Worcester, Massachusetts - The COVID-19 pandemic and the corresponding failure at every level of government to prevent its spread dealt a devastating blow to healthcare workers. Nurses, doctors, and other medical workers faced increasingly dangerous conditions, along with employers more concerned with increasing profits than saving the lives of their patients or employees. At St. Vincent Hospital in Worcester, Massachusetts, nurses fought back against their corporate employer by organizing a strike of over 700 workers that lasted for 10 months. Filmed by TRNN contributor Gino Canella, these interviews with St. Vincent nurses comprise an oral history of a ferocious labor battle that became the longest nurses’ strike in Massachusetts state history.
The Springfield Climate Justice Coalition and Longmeadow Pipeline Awareness Group held a press conference on the steps of Springfield City Hall on May 31, highlighting the opposition of many Springfield and Longmeadow residents and organizations to Eversource Gas’ proposed high-pressure gas expansion pipeline that would run beneath the streets of Springfield and Longmeadow. The press conference was held in response to Eversource initiating the process it must go through to obtain all necessary permits to build and operate the pipeline. Speakers included Springfield City Council member Zaida Govan, Kristen Elechko from Senator Ed Markey’s office, Terry Gibson from Neighbor to Neighbor, Tanisha Arena from Arise for Social Justice.
Hadley, Massachusetts - Employees at the Trader Joe’s in Hadley are attempting to form a union, which if successful would make their workplace the first unionized Trader Joe’s in the country. “We feel that a union is the only way to protect the benefits that we have and to improve our pay and to improve our benefits and improve our workplace,” said Maeg Yosef, an 18-year employee of Trader Joe’s and an organizer of the union. The union effort at Store 512 went public on Saturday, with a letter from the union to Trader Joe’s CEO Dan Bane saying that more than half of the workers at the store support forming a union, and asking that he allow a union vote without interference. Their letter also references a letter sent to the workers two years ago by Bane that expressed opposition to employees unionizing.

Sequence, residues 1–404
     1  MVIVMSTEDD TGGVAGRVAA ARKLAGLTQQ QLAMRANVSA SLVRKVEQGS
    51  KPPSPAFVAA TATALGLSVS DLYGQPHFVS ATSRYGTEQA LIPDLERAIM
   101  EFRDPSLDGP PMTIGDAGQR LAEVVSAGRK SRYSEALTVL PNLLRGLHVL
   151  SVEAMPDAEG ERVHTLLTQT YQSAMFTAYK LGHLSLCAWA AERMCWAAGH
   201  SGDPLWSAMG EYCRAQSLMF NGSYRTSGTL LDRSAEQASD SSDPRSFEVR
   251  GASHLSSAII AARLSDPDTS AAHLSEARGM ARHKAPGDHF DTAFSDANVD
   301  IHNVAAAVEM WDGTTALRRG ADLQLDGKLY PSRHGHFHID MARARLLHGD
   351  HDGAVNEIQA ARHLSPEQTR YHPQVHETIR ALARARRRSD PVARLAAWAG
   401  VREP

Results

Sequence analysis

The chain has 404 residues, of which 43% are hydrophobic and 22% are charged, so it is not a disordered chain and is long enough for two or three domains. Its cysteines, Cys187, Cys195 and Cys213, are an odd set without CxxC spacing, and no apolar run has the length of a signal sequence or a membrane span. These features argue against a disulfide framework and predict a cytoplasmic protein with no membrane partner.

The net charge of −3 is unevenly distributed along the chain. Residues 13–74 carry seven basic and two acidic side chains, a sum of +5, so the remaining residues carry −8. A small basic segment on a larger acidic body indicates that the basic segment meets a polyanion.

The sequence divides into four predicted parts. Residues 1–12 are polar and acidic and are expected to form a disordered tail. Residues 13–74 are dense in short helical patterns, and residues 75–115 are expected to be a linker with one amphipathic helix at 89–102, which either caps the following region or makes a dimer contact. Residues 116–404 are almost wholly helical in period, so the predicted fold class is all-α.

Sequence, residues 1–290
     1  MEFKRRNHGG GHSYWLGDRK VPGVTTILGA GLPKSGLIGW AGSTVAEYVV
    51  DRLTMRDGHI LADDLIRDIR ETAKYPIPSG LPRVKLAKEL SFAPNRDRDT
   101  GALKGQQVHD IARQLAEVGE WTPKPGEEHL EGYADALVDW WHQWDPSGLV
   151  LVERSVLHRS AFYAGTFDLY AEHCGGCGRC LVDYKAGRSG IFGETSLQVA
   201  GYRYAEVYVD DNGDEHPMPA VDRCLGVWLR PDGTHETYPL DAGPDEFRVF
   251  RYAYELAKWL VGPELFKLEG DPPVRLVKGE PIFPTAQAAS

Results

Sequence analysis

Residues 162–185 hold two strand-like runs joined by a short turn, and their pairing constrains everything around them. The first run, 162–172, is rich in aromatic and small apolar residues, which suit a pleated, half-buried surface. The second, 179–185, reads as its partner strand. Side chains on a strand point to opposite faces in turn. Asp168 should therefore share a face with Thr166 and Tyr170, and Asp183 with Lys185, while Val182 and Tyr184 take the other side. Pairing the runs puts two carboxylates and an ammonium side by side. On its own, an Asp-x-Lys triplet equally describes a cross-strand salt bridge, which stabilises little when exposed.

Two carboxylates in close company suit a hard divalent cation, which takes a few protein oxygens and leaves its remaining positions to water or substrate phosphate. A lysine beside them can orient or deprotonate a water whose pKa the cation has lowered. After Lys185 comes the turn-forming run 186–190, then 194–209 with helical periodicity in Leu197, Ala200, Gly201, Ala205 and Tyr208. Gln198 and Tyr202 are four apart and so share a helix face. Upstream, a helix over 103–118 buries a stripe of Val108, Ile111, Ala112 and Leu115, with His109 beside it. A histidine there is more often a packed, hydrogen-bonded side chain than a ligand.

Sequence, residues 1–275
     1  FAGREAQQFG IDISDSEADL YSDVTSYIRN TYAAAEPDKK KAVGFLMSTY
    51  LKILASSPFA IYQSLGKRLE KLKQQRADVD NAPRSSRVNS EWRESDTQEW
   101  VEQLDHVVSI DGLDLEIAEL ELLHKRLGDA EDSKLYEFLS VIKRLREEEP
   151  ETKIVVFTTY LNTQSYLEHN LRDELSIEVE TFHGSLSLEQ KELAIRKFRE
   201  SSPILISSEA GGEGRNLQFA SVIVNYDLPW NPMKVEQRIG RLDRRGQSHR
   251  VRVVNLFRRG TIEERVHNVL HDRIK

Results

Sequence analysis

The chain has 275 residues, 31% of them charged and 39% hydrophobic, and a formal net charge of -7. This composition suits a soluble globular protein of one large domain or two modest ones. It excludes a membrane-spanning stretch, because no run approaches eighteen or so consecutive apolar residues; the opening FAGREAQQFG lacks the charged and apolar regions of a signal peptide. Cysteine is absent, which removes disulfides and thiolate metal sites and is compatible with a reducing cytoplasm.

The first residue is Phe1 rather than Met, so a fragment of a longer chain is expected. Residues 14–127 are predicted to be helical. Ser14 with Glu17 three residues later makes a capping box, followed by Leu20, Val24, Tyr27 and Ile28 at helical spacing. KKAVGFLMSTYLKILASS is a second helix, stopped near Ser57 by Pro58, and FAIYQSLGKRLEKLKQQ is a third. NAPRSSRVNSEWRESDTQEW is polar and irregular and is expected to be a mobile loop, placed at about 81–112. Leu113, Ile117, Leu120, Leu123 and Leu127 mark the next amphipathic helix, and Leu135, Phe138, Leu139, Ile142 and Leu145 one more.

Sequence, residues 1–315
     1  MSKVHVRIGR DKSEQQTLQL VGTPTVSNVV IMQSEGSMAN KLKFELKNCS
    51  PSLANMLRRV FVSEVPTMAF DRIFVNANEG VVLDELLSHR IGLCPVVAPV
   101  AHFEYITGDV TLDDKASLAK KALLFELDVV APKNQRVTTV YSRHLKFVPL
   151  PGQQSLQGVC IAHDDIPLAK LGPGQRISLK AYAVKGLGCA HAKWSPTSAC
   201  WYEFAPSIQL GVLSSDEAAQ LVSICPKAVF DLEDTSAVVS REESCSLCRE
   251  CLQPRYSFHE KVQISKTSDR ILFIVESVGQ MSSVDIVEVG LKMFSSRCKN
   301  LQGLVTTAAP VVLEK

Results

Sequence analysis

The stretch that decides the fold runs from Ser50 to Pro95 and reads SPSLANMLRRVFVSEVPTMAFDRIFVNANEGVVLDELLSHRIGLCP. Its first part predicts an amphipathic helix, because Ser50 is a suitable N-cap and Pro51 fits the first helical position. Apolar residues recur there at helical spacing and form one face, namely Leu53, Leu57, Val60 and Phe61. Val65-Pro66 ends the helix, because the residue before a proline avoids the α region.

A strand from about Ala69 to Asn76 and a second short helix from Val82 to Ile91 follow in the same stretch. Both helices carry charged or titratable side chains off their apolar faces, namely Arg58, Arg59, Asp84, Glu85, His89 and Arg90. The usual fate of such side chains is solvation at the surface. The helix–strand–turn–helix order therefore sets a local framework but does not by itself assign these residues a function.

Belmont, Massachusetts - Local union organizers have scored another victory at McLean Hospital in Belmont, after winning two votes on Friday to unionize all hourly clinical staff like nurses and mental health specialists who assist with patient care. In September, research assistants at the nationally prominent Harvard-affiliated psychiatric treatment and research institution formed a union — the first, the organizers say, in the hospital’s long history. All hourly clinical staff, excluding those with advanced degrees, will be part of the union if Friday's votes are confirmed. Through the effort, union organizers from AFSCME Council 93, which represents some 45,000 mostly state and municipal workers in New England, said about one-third of McLean’s approximately 2,400 employees may soon be unionized.
There is currently heightened concern about nuclear threats being made in relation to the war in Ukraine, although the danger of nuclear war or accidental detonation is ever present. Massachusetts is a potential target, because it is home to important nuclear weapons facilities and corporations as well as culturally significant landmarks. The Treaty on the Prohibition of Nuclear Weapons entered into force as international law in January 2021. This “Nuclear Ban Treaty” is intended to reduce the nuclear danger to zero, but enforcing it may also affect jobs with Raytheon, General Dynamics, Draper Labs and ten other nuclear weapon-producing companies that have facilities in Massachusetts. The Commission would explore how those jobs might be converted to green technologies or other important industries.